Mail to accounts being blocked

Just a heads up that I found out today that mail from our mail server is being rejected by mail servers.

One of my mail users was sending a message to a friend and it bounced with:

host[] said: 550 SC-001
(SNT0-MC4-F38) Unfortunately, messages from weren’t sent.
Please contact your Internet service provider since part of their network
is on our block list. You can also refer your provider to (in reply to MAIL
FROM command)

So I dutifully contacted our ISP for the mail server, ServerBeach, as well as hotmail. The ServerBeach folks (awesome as always) replied in minutes and said that the IP is not on any other blacklist, so I had to deal directly with hotmail. I got a reply from hotmail that the issue couldn’t be automatically mitigated, so I had to fill out another questionnaire on-line, and I assume I’ll have to wait a couple of days for it to be addressed.

The funny part is that I looked through our logs, and we’ve tried to send exactly five e-mail messages today to hotmail addresses. Two were to the legitimate address that started this whole process, and three were to addresses like:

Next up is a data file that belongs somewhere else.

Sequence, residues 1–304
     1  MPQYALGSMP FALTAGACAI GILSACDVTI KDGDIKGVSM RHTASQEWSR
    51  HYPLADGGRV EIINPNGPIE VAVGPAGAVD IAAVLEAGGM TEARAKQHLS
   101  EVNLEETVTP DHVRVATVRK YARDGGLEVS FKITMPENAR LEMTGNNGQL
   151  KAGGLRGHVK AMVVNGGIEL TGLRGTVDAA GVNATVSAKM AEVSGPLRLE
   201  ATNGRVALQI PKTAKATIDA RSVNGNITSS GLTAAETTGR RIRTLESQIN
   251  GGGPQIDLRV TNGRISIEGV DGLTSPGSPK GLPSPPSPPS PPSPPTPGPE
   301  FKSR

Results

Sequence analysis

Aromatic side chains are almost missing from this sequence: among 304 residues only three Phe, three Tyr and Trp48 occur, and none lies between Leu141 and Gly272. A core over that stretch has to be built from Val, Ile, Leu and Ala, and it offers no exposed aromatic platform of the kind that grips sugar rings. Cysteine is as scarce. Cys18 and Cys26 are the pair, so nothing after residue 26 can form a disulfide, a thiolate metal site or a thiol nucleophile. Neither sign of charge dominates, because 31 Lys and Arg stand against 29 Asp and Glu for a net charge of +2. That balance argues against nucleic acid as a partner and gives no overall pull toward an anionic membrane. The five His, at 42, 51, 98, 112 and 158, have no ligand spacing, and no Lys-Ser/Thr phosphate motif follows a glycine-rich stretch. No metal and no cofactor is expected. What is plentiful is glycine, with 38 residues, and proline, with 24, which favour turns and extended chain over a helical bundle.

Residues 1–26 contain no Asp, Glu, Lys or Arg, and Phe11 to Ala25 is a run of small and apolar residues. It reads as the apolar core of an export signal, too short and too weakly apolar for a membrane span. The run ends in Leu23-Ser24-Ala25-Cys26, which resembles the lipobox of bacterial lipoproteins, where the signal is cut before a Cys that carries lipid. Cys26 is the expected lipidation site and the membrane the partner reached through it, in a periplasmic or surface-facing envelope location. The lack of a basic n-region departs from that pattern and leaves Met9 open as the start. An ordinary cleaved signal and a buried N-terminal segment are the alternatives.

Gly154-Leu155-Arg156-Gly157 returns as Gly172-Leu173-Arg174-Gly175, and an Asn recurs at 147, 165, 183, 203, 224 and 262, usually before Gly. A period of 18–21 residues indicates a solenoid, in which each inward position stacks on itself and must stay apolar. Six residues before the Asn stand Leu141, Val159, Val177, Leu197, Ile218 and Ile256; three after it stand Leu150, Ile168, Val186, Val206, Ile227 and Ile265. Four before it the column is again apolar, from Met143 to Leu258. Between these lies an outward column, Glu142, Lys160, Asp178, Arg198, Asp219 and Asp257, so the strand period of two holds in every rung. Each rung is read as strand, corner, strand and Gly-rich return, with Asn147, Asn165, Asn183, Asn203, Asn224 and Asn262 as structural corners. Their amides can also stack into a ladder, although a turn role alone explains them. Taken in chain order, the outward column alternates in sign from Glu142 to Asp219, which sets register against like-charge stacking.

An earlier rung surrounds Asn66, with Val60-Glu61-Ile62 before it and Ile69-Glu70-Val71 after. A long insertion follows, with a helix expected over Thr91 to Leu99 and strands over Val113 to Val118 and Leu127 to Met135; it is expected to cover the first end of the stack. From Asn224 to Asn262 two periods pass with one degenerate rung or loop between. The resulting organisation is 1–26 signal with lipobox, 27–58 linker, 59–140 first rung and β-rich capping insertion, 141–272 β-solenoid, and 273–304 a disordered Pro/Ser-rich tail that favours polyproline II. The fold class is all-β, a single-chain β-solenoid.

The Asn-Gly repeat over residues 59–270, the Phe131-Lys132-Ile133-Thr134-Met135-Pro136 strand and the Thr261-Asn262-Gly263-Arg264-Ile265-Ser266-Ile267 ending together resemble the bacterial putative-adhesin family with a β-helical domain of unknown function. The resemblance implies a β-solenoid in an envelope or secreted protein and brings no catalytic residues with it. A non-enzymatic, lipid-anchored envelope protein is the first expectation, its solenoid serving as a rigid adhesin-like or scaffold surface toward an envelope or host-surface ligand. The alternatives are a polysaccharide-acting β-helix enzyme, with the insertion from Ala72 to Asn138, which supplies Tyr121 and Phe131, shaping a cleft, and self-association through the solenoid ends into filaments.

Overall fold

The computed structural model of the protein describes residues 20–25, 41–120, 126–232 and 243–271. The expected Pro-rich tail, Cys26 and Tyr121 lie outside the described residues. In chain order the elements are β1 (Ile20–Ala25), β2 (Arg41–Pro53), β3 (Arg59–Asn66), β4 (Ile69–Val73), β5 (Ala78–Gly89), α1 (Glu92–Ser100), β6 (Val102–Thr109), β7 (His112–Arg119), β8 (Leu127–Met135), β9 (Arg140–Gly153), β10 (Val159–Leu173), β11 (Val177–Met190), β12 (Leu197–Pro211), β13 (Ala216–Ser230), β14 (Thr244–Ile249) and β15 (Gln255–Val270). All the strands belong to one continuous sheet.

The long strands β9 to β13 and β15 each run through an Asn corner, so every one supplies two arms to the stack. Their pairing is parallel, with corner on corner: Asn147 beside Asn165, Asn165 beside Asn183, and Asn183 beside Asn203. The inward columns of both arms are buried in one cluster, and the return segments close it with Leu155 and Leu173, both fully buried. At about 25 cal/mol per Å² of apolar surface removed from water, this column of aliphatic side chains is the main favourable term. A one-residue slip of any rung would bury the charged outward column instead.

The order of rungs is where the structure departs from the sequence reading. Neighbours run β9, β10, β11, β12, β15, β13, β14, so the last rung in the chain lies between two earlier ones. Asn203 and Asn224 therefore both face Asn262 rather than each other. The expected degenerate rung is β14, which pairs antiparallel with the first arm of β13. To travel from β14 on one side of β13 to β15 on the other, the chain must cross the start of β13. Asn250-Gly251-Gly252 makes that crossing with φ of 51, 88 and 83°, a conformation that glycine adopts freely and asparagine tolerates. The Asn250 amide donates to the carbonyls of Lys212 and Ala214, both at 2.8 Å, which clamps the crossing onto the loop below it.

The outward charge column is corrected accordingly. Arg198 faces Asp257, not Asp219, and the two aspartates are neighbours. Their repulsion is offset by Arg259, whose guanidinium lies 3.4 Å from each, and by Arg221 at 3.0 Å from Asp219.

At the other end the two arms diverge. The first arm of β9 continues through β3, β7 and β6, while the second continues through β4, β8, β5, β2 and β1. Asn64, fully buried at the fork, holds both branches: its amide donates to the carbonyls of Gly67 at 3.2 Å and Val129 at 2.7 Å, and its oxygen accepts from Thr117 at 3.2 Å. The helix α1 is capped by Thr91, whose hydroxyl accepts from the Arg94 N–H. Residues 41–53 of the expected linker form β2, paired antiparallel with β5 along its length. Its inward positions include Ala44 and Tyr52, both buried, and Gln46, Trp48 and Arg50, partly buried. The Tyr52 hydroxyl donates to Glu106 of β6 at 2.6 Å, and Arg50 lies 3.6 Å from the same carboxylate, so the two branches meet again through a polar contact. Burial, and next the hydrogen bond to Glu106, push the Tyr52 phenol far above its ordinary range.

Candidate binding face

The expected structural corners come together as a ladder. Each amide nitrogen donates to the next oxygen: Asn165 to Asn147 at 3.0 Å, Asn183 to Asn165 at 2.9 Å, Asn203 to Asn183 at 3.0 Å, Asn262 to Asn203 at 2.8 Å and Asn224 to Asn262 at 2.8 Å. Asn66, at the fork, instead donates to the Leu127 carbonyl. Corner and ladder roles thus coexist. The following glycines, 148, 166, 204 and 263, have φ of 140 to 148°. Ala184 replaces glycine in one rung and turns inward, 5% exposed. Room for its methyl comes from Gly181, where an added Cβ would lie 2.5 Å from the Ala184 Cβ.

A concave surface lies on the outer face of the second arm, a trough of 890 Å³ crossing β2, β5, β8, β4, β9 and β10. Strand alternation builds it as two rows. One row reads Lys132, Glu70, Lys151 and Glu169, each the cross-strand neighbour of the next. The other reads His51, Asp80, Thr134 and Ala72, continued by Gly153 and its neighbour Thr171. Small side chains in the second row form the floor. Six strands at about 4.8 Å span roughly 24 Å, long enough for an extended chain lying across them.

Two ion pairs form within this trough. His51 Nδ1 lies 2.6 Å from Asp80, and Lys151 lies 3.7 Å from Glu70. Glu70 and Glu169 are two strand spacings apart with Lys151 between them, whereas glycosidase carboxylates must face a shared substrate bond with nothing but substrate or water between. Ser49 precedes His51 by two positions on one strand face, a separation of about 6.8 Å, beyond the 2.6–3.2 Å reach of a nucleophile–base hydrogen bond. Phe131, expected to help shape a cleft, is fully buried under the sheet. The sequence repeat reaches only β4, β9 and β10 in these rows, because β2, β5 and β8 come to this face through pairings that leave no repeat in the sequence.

which appear to be spammers trying to register on our wiki. The wiki replies and requires an additional action in order to register, and I assume it is this mail traffic that is causing the problem. Note that all of our mailing lists are handled by Sourceforge so this only affects mail from the wiki, project members and employees of OpenNMS.

I think it is pretty ironic that the reason my mail server is being blocked by hotmail is that spammers from hotmail are trying to register on our wiki.

Update: Surprise – I got a rather quick reply from hotmail:

My name is Amrita and I work with the Hotmail Deliverability Support Team.

Your IP ( was blocked by Hotmail because Hotmail customers have reported email from this IP as unwanted. I have conducted an investigation into the emails originating from your IP space and have implemented mitigation for your deliverability problem. This process may take 24 – 48 hours to replicate completely throughout our system.